Posts Tagged ‘true crime’

FOR IMMEDIATE RELEASE

May 29, 2017

Former Chicago Outfit Mobster Implicates Tony Spilotro in Numerous Unsolved Murders

DENVER, May 28, 2017:

“…There are probably more killings I don’t know about,” wrote former Chicago Outfit hitman Frank Cullotta in his new book The Rise and Fall of a ‘Casino’ Mobster. The killer he referenced was Tony Spilotro, one of the Outfit’s most notorious enforcers.

Cullotta’s book implicates Spilotro in over twenty murders—most of them still thought of as usnolved. But in Cullotta’s mind, Spilotro was the clear culprit.

One of the murders Cullotta attributed to Spilotro is former Chicago police officer Richard Cain. In his book, Cullotta wrote:

Some called him [Cain] the most corrupt cop in Chicago history because he was also a hit man for the Outfit… In late December 1973, while I was locked up in the federal prison in Terre Haute, the story broke that Cain was murdered in Chicago on December 20 in Rosie’s Sandwich Shop at 1117 West Grand Avenue. Reports were that three masked gunmen entered Rosie’s and shot him twice in the head with a shotgun at close range, virtually decapitating him.

During one of the many conversations I had with Tony after I got out of prison in 1974, Cain’s murder came up. Tony said, “You were in jail with him weren’t you?”

“Yeah, we were in Cook County together for a while. Why?”

“What did that jackoff have to say?”

“Not much, Tony. He was a real quiet guy, but I knew he was tight with Giancana [Outfit Boss] and Willie Potatoes [Outfit big shot William Daddano]. I had a connection with the deputy warden and got him to give Cain extra visits with his wife, and we teased him about the bathrobe he always wore. Other than that, I don’t remember much about him.”

Tony laughed. “Me, the Little Guy, and the German [Frankie Schweihs] whacked him.”

I was surprised he said it like that, kind of a boast. It made sense, though. As I said, Tony came to my mind as one of the hitters as soon as I heard about the murder. I assumed the “Little Guy” Tony mentioned was Saint. He and Tony did a lot of things together, and Saint was the only guy Tony worked with who was shorter than he was.

Was Tony just blowing smoke that day for some reason?

My money is on he was telling the truth.

“Oftentimes mob hits go unsolved because no one’s willing to talk,” said WildBlue Press co-owner and New York Times bestselling author Steve Jackson. “But Cullotta is done covering for Spilotro, for Giancana, for all those guys. The book truly exposes one of Chicago’s most dangerous eras.”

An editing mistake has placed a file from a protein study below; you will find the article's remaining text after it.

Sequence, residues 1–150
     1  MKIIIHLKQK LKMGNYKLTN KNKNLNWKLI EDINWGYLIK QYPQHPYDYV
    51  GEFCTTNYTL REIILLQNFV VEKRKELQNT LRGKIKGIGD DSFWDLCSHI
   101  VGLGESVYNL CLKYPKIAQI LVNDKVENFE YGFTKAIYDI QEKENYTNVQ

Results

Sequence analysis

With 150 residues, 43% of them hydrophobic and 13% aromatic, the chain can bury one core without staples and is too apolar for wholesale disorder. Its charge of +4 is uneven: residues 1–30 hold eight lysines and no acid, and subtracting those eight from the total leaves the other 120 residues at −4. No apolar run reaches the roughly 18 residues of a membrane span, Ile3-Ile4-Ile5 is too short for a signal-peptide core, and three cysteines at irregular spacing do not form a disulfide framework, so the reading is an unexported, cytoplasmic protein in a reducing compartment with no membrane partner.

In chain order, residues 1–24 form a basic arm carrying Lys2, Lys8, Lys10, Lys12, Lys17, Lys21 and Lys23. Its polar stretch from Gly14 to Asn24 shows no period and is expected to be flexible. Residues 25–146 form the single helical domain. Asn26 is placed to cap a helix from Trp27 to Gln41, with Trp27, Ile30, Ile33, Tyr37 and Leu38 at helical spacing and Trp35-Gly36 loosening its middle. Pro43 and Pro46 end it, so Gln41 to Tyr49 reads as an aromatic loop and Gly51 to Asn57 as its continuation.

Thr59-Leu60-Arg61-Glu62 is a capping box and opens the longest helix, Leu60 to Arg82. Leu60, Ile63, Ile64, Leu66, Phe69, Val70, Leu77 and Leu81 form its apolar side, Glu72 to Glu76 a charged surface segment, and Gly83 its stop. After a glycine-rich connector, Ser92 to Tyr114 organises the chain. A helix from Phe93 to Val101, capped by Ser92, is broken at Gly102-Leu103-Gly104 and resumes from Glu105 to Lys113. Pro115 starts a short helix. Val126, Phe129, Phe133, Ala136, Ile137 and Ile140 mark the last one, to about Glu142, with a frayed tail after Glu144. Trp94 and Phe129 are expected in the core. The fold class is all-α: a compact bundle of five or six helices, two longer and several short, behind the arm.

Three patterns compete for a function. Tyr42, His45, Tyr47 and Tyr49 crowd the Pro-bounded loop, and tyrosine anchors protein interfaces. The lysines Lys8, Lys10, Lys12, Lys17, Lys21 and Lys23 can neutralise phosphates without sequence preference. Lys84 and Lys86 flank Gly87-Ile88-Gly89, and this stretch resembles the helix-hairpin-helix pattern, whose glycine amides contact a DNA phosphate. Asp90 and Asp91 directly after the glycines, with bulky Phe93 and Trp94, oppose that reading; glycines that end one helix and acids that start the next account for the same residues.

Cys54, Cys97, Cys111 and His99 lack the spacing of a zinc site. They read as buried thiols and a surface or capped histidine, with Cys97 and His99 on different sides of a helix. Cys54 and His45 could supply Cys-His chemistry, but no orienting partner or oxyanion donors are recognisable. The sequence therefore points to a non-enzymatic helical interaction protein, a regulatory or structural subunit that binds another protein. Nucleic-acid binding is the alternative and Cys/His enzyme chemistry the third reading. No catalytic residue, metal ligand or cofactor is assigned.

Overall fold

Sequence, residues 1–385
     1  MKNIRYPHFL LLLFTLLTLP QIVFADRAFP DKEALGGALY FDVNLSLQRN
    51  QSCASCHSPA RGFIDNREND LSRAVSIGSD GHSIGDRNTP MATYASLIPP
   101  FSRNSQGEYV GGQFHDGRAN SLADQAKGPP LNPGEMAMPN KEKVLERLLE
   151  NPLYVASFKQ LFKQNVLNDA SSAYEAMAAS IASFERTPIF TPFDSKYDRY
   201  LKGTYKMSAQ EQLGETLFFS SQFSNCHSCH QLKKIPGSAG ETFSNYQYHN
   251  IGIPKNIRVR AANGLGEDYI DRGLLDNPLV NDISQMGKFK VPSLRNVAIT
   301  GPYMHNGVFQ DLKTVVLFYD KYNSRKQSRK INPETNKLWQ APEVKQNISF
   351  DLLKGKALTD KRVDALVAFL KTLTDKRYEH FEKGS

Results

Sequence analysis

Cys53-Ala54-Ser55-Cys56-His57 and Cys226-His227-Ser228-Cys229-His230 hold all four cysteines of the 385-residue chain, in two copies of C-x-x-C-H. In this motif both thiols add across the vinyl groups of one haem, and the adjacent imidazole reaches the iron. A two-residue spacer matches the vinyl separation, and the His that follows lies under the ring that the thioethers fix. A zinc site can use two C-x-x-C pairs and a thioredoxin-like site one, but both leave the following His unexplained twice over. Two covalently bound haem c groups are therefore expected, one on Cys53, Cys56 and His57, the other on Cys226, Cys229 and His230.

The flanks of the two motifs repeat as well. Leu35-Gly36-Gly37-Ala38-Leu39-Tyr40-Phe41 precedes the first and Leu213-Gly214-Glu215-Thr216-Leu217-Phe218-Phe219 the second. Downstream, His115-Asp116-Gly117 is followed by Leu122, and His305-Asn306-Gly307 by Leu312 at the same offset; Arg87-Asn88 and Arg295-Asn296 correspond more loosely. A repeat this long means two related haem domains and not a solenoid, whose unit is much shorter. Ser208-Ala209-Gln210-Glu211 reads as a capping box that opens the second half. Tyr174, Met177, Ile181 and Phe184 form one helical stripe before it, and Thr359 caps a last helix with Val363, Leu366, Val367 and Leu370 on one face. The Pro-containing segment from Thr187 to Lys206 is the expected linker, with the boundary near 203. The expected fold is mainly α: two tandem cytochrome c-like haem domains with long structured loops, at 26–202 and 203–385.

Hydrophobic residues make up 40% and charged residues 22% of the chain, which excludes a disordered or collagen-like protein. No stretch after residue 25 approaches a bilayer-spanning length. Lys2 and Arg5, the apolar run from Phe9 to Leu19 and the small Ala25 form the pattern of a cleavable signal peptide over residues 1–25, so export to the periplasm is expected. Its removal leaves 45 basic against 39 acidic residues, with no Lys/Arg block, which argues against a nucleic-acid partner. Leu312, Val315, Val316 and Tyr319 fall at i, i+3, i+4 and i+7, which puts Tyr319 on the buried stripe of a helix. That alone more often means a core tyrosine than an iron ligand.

The Rise and Fall of a ‘Casino’ Mobster is now available from WildBlue Press. Promotions for the book will take place in Chicago this summer. To arrange an interview with the author, please contact WildBlue Press at Promos@WildBluePress.com.

Frank Cullotta is a former enforcer for the Chicago Outfit. He is now an author and has been involved in making documentaries. In 2012, he was inducted into the Mob Museum in Las Vegas.

Dennis N. Griffin is an award winning true crime author, focusing on organized crime in Las Vegas and the Tony Spilotro era in particular. His books have been the basis for multiple organized crime documentaries, and he has frequently been a featured speaker at the Las Vegas-Clark County Library’s Mob Month.

Contact:

Michael Cordova

promos@wildbluepress.com

(303) 744-2178

Note: Review copies of this book are available by emailing promos@wildbluepress.com. Interviews can also be arranged with the authors. Please include your mailing address and note the web address where you post your reviews/interviews. Thank you.

 

 

 

Meeting Frank Cullotta

May 25, 2017

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Jim Cooley describes meeting Frank Cullotta
Meeting Frank
I sat with my head on a pivot and my heart in my chest. It was early for me as I was up late the night before announcing an MMA event in this amazingly over-the-top town, Las Vegas. I was not sure what to expect or how to act. What do I say to him? What will he ask me? My friends had made the usual sarcastic comments upon hearing of who I was meeting. Things like, “Don’t go to his car with him,” and “Don’t make him angry.” I laughed and smiled, but it did get me thinking. Of course they were only joking and he was not going to kill me. Yet, I still had no idea what to expect.
My line of work brings me into contact with some very famous people. I have enjoyed a casual cocktail with people like Mike Tyson and interviewed A-list celebrities including actors, athletes and musicians on numerous occasions. Having traveled all over the United States while announcing in front of huge raucous crowds, I have come into contact with people from every walk of life. It has given me a unique perspective on people and left me almost numb when in the face of fame and celebrity, as a result I rarely get nervous or flustered in any situation. I consider myself cool and collected and a bit of a chameleon. I can attend an event with outlaw bikers at their clubhouse in the afternoon and in the evening go to a black tie affair with someone like Evander Holyfield. From a t-shirt and jeans to a suit and tie, I am thoroughly comfortable around any person from any culture.